John Gardner’s Grendel, which narrates the life of the monster from Beowulf from a first-person point-of-view, is one of the greatest books I’ve ever read: Gardner intricately weaves together philosophy and astronomy to create an engaging and thoughtful novel.
Decades ago, a teacher and three of her students sent Gardner their essays on his novel, and he responded with this sassy letter. Certainly, this letter contains way too many gems for me to cover in just two paragraphs, so I’ll just focus on the two things Gardner touched on that stood out the most to me (+ a little comment about the actual Beowulf epic).
(So here’s the little comment about Beowulf: It’s really interesting that Gardner hints at Beowulf begin pessimistic. Certainly, I’ve only read a section of a mediocre translation, but the way I perceived it, Beowulf was meant to laud the accomplishments of the Anglo-Saxon culture and Beowulf himself was the “perfect human” that everyone should strive to be like (at least, isn’t that what an epic is supposed to be?) Gardner suggests that in Beowulf, the hero “does everything he can to be a perfect hero, and in the end he’s killed, for reasons he doesn’t understand, dies deluded –thinking he has saved his people when in fact the treasure he’s captured is worthless…” I wonder if the scopes who first told Beowulf meant that, but either way, Gardner’s point is very much valid.)
Anyways, on the rest of his letter. The three students who wrote to Gardner apparently all came to the conclusion that his opinions on life echoed that of the dragon (and that he was advocating for only one philosophy of life). But Gardner (the author) disagrees, saying that a “good writer is indeed a careful philosopher; but his method is not to argue for a single position—but rather to explore, with all the care and wisdom he’s capable of mustering, the various implications, contributing factors, etc., that must be considered when any serious philosophical question is raised.” Rather, the author must “develop the gift of mimicry and become able to present various points of view on any given question.” Gardner does exactly that: in twelve chapters, he explores the major perspectives on the biggest question: what is the purpose and meaning of our lives?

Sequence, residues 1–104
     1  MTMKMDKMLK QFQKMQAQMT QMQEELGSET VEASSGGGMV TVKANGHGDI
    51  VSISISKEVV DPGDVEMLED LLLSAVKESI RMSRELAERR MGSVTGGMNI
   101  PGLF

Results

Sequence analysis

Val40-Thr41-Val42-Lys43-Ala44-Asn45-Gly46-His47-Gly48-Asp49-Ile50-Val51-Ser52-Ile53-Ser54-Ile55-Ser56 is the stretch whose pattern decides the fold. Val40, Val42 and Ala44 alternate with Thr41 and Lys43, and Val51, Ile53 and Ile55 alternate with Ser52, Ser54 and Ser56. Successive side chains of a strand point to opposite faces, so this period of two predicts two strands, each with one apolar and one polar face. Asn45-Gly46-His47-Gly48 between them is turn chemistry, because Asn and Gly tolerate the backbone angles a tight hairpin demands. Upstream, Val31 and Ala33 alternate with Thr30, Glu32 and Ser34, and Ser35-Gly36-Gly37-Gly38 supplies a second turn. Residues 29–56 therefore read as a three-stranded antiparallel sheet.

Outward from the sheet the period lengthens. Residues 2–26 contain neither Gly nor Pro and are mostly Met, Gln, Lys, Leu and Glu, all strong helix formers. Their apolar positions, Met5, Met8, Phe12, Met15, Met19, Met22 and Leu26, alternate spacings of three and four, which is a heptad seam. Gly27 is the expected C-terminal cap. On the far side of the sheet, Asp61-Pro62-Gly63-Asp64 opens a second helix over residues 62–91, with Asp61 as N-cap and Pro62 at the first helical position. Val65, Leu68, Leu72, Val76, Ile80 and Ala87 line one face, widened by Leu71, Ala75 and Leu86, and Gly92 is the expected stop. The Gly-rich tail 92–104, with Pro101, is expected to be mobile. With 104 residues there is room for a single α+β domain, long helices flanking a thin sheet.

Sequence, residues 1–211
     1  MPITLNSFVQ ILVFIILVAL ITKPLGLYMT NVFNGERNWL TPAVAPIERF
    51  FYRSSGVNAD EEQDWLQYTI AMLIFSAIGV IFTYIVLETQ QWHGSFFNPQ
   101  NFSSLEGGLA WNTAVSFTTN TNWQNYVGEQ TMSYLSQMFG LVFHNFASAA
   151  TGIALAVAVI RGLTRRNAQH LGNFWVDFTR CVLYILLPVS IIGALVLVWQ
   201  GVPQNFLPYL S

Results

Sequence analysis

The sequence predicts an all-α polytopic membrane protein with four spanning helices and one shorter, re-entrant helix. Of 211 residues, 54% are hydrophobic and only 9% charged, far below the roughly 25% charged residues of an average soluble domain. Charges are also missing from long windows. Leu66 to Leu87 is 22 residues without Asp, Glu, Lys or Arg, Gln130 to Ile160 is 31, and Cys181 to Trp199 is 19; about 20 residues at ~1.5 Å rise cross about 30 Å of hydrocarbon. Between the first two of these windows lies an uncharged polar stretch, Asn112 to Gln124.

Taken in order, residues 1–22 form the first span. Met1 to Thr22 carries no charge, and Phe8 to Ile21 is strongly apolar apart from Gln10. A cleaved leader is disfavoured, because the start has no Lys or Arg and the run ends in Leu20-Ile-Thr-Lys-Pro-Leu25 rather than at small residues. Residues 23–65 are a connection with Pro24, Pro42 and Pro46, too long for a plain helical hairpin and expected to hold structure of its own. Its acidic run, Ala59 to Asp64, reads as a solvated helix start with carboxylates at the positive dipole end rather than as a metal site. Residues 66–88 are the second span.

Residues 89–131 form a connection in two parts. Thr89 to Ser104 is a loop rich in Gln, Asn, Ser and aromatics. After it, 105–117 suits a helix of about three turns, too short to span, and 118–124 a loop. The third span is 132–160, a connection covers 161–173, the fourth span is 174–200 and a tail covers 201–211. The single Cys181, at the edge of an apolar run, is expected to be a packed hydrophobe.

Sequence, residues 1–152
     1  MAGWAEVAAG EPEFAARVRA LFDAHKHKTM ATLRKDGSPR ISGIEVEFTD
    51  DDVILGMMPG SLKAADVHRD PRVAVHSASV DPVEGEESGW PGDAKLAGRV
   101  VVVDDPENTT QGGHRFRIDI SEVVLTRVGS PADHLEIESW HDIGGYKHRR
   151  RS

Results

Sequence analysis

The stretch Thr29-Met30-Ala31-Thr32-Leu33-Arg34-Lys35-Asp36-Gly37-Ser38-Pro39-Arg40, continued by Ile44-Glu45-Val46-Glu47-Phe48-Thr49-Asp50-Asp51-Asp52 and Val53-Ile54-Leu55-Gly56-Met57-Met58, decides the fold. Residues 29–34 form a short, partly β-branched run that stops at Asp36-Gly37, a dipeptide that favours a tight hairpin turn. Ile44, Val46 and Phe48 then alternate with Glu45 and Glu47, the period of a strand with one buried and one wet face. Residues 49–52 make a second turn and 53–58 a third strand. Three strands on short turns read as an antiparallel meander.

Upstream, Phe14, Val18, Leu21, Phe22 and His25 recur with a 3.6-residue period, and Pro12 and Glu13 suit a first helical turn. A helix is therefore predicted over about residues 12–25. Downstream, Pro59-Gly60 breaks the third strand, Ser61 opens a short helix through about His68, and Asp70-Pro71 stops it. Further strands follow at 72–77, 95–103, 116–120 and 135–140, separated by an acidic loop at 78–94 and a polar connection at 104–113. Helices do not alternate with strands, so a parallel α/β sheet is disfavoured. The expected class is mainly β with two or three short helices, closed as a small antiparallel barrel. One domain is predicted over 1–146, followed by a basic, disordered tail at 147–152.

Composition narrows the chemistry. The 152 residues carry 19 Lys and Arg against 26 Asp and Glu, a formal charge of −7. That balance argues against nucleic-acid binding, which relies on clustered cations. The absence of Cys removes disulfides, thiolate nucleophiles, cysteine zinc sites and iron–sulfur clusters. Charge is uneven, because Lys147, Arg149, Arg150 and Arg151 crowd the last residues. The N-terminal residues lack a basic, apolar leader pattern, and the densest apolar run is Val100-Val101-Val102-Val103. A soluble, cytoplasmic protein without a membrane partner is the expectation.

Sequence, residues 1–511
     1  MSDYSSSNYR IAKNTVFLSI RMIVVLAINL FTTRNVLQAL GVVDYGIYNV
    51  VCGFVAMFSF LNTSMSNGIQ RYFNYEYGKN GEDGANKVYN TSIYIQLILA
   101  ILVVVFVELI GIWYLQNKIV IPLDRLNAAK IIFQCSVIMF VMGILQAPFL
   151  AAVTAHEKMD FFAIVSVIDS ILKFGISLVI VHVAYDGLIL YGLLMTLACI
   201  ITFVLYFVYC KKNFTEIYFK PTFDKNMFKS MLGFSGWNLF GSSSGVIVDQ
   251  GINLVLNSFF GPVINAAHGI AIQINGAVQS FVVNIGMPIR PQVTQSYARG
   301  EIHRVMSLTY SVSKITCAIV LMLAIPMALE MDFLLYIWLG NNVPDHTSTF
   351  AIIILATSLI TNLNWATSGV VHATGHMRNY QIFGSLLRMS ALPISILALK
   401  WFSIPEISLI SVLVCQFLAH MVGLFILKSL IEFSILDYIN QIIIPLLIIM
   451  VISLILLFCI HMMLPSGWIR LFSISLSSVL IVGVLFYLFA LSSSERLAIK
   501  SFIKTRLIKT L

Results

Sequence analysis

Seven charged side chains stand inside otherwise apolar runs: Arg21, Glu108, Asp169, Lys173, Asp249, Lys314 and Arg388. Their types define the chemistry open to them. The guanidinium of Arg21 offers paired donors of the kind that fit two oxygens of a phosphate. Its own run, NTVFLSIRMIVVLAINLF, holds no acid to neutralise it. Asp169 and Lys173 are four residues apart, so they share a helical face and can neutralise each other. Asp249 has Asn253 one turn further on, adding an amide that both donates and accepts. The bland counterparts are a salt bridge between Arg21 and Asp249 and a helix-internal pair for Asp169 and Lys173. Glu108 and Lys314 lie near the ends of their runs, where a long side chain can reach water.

Grendel, with his man-eating lifestyle and absolutely terrifying thoughts (especially later in the novel), still serves as a foil against society and its corruption — the making up of noble (or ignoble, as Gardner notes) values that forces Grendel to”give up all hope and faith, becoming a mere enemy, a mere brute.” But neither is the novel a statement about society’s corruption; rather, anything can corrupt, including isolation. And then he adds, “In the long run, I hope, an imperfect society is better than a solitary monster.”
But dang. Gardner is a pure genius, and he wants us to know it (it being that his novel is a masterpiece, that he’s a genius, and that everything in Grendel is EVERYTHING).